The pressure is clearly mounting for Research In Motion to wow the world with its BlackBerry 10 platform.
The 28-year-old company is expected to release a BB 10 superphone later this year, potentially coinciding with the release of novel slick devices by its rivals including another iPhone and smartphones based on Microsoft’s new Windows Phone 8 operating system.
Waterloo, Ontario-based RIM is thought to be running short on time in its battle to reinvigorate interest in BlackBerry, although analysts maintain the company still has a chance to improve its position in the highly competitive U.S. market where its share has been dissipating at an alarming rate.
Given its plummeting market valuation, critics may overlook the positive developments at RIM where it remains a leading wireless platform in many countries and grew its customer base to 77 million users at the end of its fiscal year ending March 3, 2012.
Still, the maker of BlackBerry phones and PlayBook tablet computers must “almost go in a new direction because the legacy base is eroding and you have to be able to … change things to make people stand up and notice,” said IDC analyst Will Stofega, who manages the firm’s Mobile Device Technology and Trends research program.
At BlackBerry World earlier this month in Orlando, Fla., RIM gave application developers and other attendees a sneak peak at BB 10. Stofega was particularly impressed with a camera feature.
“Finally, they are not talking about specs and carrier certifications,” he said.
| Founded: 1984
Headquarters: Waterloo, Ontario, Canada
Customer base: 77 million users
BlackBerry Messenger users: 55 million
Stock exchanges: NASDAQ Global Select Market (RIMM) and Toronto Stock Exchange (RIM)
Annual sales: $18.4 billion
Annual net income: $1.2 billion or $2.22 per share
Global Scale: relationships with 650 carriers and distribution partners in roughly 175 countries
Employees: 16,500 as of March 3, 2012
CEO: Thorsten Heins
But RIM hasn’t released even to its developers a phone with all the bells and whistles that BB 10 will incorporate.
Another analyst who attended BlackBerry World said RIM is being rather furtive about BB 10, merely providing a glimpse of what the new operating system will include. A new user interface and virtual keyboard are among the features that the company showcased through a video, said Avi Greengart of Current Analysis.
“RIM clearly is not ready to sell product yet,” said Greengart, research director for Consumer Devices at Current Analysis, “so they are not telling people all the details yet.”
RIM may be taking its time for good reason. The company jumped the gun on an early release of its BlackBerry PlayBook tablet computer in the face of pressures, Stofega said. The initial PlayBook was criticized for having too few features and sales have been disappointing.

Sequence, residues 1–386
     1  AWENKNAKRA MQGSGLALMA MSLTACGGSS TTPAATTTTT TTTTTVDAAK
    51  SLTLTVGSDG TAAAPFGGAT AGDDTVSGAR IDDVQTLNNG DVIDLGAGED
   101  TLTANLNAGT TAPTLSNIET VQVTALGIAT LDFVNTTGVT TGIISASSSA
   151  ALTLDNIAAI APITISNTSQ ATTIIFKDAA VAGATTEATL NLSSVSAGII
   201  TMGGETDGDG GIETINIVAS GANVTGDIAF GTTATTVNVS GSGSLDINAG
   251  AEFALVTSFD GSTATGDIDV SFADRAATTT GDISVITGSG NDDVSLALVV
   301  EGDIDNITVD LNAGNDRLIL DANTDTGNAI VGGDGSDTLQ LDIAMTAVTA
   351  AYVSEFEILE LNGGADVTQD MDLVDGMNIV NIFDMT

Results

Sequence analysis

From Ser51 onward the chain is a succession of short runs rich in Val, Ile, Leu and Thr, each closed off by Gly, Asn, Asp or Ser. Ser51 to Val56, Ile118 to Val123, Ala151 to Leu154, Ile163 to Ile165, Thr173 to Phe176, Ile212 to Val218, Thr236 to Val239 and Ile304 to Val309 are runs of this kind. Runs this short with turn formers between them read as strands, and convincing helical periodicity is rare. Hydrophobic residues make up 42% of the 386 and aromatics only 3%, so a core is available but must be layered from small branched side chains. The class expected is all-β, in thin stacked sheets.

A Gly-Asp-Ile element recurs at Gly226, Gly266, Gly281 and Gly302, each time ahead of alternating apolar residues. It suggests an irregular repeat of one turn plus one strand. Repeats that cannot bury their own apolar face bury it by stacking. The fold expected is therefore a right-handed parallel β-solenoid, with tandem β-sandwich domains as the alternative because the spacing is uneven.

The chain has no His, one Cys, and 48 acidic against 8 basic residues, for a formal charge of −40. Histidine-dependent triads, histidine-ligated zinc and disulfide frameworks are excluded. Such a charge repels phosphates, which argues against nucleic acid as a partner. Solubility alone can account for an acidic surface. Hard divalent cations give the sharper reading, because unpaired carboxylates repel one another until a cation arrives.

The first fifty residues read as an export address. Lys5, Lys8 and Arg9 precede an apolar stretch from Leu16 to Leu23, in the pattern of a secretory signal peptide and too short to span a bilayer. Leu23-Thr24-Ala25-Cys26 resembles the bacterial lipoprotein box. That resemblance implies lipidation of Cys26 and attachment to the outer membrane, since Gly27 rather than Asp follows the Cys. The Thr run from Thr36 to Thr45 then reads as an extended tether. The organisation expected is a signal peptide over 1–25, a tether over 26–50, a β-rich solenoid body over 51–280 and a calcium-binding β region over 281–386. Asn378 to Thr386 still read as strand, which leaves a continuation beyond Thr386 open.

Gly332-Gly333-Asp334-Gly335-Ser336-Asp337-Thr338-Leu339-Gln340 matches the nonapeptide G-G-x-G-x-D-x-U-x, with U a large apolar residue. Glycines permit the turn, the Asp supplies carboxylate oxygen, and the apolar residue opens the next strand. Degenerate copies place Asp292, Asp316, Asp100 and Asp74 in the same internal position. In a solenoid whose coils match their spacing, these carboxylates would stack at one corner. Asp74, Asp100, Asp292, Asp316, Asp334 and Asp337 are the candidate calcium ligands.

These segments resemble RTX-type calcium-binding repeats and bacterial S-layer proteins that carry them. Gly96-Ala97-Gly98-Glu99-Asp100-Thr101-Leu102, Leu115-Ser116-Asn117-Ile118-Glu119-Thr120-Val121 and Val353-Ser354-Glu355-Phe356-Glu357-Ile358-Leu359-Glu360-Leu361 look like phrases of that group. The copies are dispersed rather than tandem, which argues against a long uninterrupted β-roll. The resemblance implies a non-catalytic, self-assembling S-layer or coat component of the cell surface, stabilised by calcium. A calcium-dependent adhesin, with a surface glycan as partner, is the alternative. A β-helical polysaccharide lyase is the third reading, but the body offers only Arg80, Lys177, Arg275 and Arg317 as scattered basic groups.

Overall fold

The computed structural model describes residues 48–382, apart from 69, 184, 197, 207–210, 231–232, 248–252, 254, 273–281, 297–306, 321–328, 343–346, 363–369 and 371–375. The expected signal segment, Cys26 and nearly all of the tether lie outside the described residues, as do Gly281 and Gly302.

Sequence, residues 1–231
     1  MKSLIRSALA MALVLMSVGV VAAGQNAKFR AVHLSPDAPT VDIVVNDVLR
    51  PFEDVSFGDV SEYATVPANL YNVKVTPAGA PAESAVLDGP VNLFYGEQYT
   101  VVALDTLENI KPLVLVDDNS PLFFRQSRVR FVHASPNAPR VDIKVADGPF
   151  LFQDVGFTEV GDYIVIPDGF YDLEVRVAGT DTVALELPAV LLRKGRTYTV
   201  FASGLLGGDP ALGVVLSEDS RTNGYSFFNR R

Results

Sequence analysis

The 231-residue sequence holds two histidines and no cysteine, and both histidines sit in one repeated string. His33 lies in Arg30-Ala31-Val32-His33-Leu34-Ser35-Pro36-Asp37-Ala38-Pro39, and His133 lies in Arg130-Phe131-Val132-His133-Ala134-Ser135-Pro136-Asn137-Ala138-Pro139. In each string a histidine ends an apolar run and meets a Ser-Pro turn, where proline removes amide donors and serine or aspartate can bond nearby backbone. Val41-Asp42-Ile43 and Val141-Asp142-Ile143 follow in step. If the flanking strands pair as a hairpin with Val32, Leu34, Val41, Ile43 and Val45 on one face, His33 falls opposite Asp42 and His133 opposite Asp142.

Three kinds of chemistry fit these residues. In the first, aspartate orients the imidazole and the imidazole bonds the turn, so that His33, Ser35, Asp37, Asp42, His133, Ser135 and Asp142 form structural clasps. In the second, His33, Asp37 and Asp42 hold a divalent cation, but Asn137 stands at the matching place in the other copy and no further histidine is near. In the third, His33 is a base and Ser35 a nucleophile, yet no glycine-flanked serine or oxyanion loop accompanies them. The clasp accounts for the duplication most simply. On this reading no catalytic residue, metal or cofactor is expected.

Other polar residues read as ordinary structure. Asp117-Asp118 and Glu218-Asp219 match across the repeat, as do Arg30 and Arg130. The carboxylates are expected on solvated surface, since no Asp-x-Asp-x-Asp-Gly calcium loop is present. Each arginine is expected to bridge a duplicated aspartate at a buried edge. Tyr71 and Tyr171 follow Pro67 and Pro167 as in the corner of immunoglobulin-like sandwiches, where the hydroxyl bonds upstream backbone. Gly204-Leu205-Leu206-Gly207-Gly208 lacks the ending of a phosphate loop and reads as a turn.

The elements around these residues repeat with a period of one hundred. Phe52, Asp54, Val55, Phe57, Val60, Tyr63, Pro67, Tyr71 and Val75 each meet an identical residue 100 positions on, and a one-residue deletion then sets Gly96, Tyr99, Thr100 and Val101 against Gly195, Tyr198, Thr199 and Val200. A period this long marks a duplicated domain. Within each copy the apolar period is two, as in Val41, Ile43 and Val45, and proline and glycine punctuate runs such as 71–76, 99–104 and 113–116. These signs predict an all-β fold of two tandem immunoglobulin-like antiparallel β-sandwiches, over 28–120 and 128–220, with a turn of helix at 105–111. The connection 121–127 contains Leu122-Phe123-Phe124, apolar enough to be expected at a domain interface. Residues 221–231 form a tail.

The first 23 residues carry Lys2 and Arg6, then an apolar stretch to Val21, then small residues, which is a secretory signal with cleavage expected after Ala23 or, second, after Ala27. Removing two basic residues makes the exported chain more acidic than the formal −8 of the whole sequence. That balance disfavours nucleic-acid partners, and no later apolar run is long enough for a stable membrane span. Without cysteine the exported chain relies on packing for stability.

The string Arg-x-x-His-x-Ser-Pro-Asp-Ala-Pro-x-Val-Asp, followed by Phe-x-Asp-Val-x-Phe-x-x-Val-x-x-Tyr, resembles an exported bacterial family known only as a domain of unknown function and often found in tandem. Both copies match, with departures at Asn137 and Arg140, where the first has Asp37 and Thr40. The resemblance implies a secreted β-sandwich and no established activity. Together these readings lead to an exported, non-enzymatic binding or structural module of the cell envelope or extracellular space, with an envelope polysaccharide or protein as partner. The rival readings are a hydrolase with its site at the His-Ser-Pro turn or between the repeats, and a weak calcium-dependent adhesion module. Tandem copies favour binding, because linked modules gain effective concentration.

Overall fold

Thorsten Heins, RIM’s recently appointed CEO, has underscored “he’s not going to release anything … that is not ready for market,” Stofega said.
RIM, though, doesn’t have much time for its new products to hit the market because its competitors are already thought to be working on next-generation devices.
“They have to get everything done this year especially around BB 10,” Stofega said.
Even when RIM releases BB 10, there’s no guarantee it will be a smashing success.
The burden will fall on the company to convince users to “buy this new operating system from us instead of these mature operating systems with massive install base of apps and content that we don’t have,” said Greengart, referring to Apple’s iPhone and phones that run on Android.
The analyst is wondering whether RIM will manage to unveil innovations that appeal to certain niches of the smartphone market.
“They don’t have to come out with something that’s better than the iPhone in every way because if that was the goal they are guaranteed to fail,” Greengart said. “But they do have to convince some consumers that their product is better tailored to those consumers’ needs.”
RIM is clearly making a huge bet on BB 10, which it hopes will help lead the embattled company into a bright future. Said the company in its annual report: “RIM expects the next generation BlackBerry 10 OS will power future BlackBerry smartphones, tablets and embedded solutions such as those found in advanced automotive electronics, including entertainment, communications and navigation applications.”
Meanwhile, RIM is expected to eventually release a PlayBook that features 4G LTE connectivity. Such a capability could be useful to businesses like truck drivers who need to do inventory management, Greengart said. Still, analysts say the overall market for connected tablet computers hasn’t been a huge success.
“Will this [LTE-enabled PlayBook] generate sales amongst consumers? Not, not in significant volumes,” Greengart said.